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The drumbeat of large-cap tech


Is it time to start paying attention to the drumbeat?  That’s a question that tech investors may wish to begin pondering. Why? On July 23, the U.S. Department of Justice (DOJ) formally announced that it is opening an antitrust review of large-cap tech. Specifically, it is looking closely at “whether and how market-leading online platforms have achieved market power and are engaging in practices that have reduced competition, stifled innovation, or otherwise harmed consumers.” Although the DOJ did not name names, it doesn’t take a genius to figure out what online platforms dominate internet search, social media, and retail services.

 For those investors who have been watching closely, this should not be a surprise. Previously, Assistant Attorney General Makan Delrahim delivered a blunt speech at a conference in Israel on June 11 titled “Antitrust Enforcement and Digital Gatekeepers” in which he used Standard Oil as an example that price effects were not the sole measure of harm to competition. Delrahim explained that often “calls for antitrust reform, or more radical change, are premised on the incorrect notion that antitrust policy is only concerned with keeping prices low. It is well-settled, however, that competition has price and non-price dimensions." On top of that, no one needs reminding that the U.S. is entering election season, and members of both major political parties have been critical of large-cap tech and their handling of consumer data, among other things.


All this suggests that the DOJ is getting serious about targeting technology despite a lack of higher prices in the products and services within these markets. Citing Standard Oil as an example should worry tech investors, given that Standard Oil was eventually found guilty of anti-competitive actions and was broken up into smaller independent companies.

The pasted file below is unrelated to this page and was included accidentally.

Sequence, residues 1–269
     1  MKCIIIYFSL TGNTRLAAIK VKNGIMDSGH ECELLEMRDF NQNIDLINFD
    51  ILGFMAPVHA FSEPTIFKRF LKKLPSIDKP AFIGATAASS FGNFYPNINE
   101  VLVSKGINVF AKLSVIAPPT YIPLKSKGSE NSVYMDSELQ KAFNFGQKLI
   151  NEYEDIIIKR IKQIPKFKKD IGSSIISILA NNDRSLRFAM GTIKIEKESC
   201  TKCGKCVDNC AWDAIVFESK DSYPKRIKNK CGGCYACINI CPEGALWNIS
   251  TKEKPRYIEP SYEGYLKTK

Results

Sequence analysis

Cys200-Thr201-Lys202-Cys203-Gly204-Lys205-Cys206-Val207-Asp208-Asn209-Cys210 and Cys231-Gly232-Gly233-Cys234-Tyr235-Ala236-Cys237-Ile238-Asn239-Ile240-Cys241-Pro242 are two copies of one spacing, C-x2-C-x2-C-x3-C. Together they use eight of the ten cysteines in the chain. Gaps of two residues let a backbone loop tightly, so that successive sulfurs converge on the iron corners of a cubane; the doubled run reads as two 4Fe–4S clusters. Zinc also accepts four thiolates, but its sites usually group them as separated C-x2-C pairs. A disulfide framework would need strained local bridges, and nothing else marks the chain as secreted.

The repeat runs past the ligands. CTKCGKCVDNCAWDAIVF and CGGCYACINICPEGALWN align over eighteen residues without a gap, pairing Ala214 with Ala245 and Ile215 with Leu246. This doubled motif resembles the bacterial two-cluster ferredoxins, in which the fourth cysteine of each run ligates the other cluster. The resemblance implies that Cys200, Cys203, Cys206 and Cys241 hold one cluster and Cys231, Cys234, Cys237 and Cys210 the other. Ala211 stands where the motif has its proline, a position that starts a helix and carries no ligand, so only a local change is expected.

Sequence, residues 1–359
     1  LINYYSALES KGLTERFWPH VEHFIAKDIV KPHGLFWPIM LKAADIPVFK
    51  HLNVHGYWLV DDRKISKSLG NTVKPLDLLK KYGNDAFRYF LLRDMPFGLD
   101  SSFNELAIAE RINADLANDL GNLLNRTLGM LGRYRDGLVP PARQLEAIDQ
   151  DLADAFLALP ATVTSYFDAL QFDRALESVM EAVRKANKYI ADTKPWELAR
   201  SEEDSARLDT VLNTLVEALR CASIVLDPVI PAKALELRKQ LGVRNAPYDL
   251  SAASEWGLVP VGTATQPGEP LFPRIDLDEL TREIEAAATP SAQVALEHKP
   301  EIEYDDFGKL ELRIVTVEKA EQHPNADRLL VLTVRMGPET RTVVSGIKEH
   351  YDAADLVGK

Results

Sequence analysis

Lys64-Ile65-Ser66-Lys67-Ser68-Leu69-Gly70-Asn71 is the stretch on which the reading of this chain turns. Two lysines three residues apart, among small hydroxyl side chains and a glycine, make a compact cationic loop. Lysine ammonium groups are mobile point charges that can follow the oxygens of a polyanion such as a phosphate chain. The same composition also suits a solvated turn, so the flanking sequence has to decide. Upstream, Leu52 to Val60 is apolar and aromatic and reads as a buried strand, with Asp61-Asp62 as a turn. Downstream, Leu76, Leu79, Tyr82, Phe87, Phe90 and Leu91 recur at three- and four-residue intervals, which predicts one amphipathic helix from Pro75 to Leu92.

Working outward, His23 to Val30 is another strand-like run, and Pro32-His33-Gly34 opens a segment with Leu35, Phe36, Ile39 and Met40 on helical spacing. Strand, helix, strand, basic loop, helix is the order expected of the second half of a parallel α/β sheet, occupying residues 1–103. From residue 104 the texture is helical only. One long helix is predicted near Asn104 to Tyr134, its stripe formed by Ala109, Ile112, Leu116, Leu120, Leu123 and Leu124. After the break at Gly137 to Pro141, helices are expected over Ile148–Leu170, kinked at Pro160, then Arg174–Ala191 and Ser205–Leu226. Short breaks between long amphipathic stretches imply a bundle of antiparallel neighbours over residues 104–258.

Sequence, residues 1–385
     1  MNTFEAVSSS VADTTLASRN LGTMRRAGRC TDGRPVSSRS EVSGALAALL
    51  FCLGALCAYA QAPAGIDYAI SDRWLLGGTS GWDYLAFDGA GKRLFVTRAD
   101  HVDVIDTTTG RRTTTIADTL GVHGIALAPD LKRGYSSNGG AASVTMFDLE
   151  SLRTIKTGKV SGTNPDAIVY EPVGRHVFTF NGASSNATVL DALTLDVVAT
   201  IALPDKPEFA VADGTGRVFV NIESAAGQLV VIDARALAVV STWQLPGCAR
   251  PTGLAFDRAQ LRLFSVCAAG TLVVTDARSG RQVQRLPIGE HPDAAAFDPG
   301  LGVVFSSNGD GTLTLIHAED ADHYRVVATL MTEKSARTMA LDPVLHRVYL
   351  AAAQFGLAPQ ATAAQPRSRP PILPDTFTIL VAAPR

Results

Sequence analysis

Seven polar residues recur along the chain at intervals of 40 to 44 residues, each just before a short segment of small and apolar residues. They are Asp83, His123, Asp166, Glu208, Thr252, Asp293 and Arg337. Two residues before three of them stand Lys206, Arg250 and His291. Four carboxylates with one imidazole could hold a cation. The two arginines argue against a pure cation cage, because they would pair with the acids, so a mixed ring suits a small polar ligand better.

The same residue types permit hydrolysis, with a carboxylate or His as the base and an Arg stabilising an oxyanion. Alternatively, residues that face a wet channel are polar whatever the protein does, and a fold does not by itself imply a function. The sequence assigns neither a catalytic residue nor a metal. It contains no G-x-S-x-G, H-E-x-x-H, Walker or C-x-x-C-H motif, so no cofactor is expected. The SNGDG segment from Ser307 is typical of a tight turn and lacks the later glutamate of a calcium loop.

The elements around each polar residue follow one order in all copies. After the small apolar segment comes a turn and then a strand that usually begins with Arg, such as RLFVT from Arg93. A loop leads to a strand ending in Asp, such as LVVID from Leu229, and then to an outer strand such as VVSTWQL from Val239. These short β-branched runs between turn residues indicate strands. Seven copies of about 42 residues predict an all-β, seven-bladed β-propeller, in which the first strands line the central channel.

We are not suggesting that any specific big tech names are headed for imminent breakup. In fact, it would be wrong to ignore the market power and resultant economic models of these large companies. They are simply too attractive to ignore altogether, and for that reason we would continue to advocate for some allocation to them—within reason. However, sentiment still matters, and so do potential new regulations. Rather than panic, investors should simply consider what the future environment looks like for the tech behemoths going forward. There is a very real possibility that the tailwind that they have enjoyed from their scale and dominance may begin to wane.


So what’s the actionable takeaway? Now may be a good time to revisit diversification within your tech sector and large-cap allocations to better understand how much sway the largest tech companies have in various portfolios or indexes. For starters, consider that the average company in the S&P North American Technology Sector Index has a market cap of $450 billion, while the average company in the Russell 1000 Growth Index has a market cap of more than $300 billion. In addition, any investment shadowing the Technology Select Sector Index would have a whopping 50% of assets in its top five positions alone. That doesn’t seem like a very diversified approach. 


It’s sometimes easy to overlook that small growth stocks also have performed relatively well over the years despite the challenging (unfair?) competition from largest players in internet, video game, advertising or consumer applications. And now that the dominant tech companies are facing a stout opponent in the form of the DOJ, smaller growth companies may find themselves in an enviable position.


Given the recent formal announcement of an antitrust review, now may be an opportune time to consider strategies that tilt toward innovative small growth companies, many of which may have stock prices trading at a discount to their large-cap counterparts. At a minimum, investors may wish to consider allocating to investments that have more reasonable (i.e. smaller) positions in big tech. 


Investing involves risk including loss of principal. Investing in technology stocks entails specific risks, including the potential for wide variations in performance and usually wide price swings, up and down. Technology companies can be affected by, among other things, intense competition, government regulation, earnings disappointments, dependency on patent protection and rapid obsolescence of products and services due to technological innovations or changing consumer preferences. These risks are magnified in emerging markets.

Diversification and asset allocation do not guarantee a profit or protect from loss in a declining market.